BEIJING Stay tuned: China's first homegrown CPU is about to go 64-bit.
One of the country's most promising start-ups, BLX IC Design Corp., Ltd., told EE Times Wednesday (March 5) that it is closing in on a 500-MHz microprocessor that it will market toward China's leading server vendors, including Legend Group and Dawning Technology. It would eventually be positioned as the engine of a distributed grid computing network that will be used by public and private firms here.
The chip is dubbed Godson-2 and is the follow-on to a 32-bit, 266-MHz version released last year that is aimed at the embedded systems market. Both chips are largely based on the MIPS instruction set, but are not fully compatible because they avoid the use of key instructions that would run afoul of MIPS patents.
BLX has moved quickly to rally Chinese industry support around the architecture, launching an alliance that intends to attract 100 members and create 100 designs within two years. "We already have 60 companies and 15 designs so we are ahead of schedule," said David Shen, chief executive of BLX. "We have started working with Haier, which is the biggest consumer manufacturer in China, and they need a lot of chips."
All of the 60 companies that have joined are Chinese firms, Shen said, and they range from upstream hardware makers, to consumer giants like Haier, and software providers Red Flag Linux and Great Wall Software Co.
Godson-2, which has also been translated into English as Dragon or Longxin, has already been prototyped. Samples are expected to roll in the first half of next year. The chip will be binary backward compatible to the 32-bit Godson-1, a path of compatibility also chosen by Advanced Micro Devices in development of its Opteron line.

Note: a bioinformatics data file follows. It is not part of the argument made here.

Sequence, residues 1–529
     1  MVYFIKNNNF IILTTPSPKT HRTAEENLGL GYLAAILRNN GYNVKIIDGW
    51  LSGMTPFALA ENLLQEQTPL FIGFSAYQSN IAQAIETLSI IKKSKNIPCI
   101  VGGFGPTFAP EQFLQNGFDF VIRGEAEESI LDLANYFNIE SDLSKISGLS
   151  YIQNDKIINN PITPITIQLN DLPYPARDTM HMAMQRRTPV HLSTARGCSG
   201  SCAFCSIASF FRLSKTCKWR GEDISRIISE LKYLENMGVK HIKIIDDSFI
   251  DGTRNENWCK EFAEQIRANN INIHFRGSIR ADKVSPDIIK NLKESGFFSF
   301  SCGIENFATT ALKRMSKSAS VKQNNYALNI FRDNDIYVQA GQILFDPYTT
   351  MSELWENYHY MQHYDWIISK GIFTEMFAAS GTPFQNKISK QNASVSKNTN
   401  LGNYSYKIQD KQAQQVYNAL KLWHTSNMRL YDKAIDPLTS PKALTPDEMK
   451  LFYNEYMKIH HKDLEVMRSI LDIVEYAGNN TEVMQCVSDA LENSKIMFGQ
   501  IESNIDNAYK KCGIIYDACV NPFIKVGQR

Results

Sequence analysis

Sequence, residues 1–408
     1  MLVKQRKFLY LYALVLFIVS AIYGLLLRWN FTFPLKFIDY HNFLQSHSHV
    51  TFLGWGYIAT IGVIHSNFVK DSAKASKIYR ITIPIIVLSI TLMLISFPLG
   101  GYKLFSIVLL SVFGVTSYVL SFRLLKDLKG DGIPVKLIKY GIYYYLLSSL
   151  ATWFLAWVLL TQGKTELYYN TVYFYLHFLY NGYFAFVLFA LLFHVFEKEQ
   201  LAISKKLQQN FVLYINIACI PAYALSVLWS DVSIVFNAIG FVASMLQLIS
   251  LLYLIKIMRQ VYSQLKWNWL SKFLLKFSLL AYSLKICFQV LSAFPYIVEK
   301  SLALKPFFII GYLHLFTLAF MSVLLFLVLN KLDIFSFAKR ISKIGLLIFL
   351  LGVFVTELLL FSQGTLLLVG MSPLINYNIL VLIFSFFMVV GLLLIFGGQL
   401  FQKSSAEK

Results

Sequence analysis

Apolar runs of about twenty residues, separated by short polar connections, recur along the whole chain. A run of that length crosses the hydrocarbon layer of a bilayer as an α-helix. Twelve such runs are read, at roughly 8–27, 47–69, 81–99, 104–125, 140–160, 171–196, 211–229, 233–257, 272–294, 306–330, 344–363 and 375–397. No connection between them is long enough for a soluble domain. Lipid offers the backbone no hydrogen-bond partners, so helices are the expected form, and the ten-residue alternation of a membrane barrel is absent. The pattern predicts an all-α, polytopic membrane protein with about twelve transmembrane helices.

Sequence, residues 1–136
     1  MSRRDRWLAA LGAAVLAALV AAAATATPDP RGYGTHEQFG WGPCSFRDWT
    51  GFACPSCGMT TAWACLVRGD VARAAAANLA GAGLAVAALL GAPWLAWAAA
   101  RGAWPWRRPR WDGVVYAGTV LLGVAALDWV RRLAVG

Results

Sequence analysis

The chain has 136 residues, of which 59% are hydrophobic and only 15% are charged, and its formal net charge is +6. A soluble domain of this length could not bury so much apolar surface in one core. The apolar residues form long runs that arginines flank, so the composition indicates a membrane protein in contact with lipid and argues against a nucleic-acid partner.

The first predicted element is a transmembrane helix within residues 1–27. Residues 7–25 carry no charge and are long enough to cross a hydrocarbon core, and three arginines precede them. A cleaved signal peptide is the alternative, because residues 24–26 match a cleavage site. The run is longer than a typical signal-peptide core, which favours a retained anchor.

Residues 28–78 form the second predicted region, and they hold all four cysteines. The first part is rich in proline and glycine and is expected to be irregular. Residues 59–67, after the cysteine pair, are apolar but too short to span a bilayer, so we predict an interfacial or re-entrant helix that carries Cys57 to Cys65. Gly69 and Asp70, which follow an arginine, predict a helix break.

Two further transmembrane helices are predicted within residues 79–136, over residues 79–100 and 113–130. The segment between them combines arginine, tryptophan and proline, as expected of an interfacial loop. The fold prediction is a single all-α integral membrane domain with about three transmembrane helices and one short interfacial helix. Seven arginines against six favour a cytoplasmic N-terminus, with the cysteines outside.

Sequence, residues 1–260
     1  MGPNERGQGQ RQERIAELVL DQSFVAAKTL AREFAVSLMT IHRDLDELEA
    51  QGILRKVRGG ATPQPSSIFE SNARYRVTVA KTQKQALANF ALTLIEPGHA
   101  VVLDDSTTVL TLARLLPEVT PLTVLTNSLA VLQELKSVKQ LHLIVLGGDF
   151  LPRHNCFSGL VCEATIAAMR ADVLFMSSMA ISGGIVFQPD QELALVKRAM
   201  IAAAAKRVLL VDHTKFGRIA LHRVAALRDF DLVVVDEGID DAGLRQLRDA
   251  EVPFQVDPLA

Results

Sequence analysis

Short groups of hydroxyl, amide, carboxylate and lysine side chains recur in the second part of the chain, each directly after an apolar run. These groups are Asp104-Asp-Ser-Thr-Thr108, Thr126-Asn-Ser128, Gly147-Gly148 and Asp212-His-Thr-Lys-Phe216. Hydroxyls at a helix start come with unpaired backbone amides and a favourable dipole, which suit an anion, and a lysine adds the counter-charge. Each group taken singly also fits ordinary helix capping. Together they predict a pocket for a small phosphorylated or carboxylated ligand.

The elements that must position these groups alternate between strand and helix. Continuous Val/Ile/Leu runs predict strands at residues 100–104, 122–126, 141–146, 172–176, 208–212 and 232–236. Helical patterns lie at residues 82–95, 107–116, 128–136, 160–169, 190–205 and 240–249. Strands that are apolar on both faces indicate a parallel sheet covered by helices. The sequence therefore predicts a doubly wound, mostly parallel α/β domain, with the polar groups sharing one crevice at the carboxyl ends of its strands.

Some of the improvements over Godson-1 include a four-issue super-scaler architecture, dynamic branch prediction and a non-blocking cache design to allow for multiple misses in the memory array. The chip will probably be made on a 0.18-micron process at Taiwan Semiconductor Manufacturing Co., although Shanghai's Semiconductor Manufacturing International Corp. is also being considered.
Planning for Godson-3
Even though Godson-2 hasn't been officially rolled out, researchers at the Institute of Computing Technology (ICT), a government research group that first designed the Godson architecture before licensing it to BLX, are already thinking about a Godson-3. The core design will be similar. But more features should improve its standing.
"By the end of next year, we hope we can add in multiprocessor support and on-chip secondary cache. If these features are added, the power consumption may be around 10 watts," said Tang Zhimin, a senior ICT engineer who headed up the Godson project. The power budget for Godson-2 is around 5 watts, based on a 1.8V core and 3.3V I/O.
Also under consideration are SIMD for multimedia processing and multithreading support. "We are also looking at how to integrate multithreading with our current superscalar architecture," Tang said.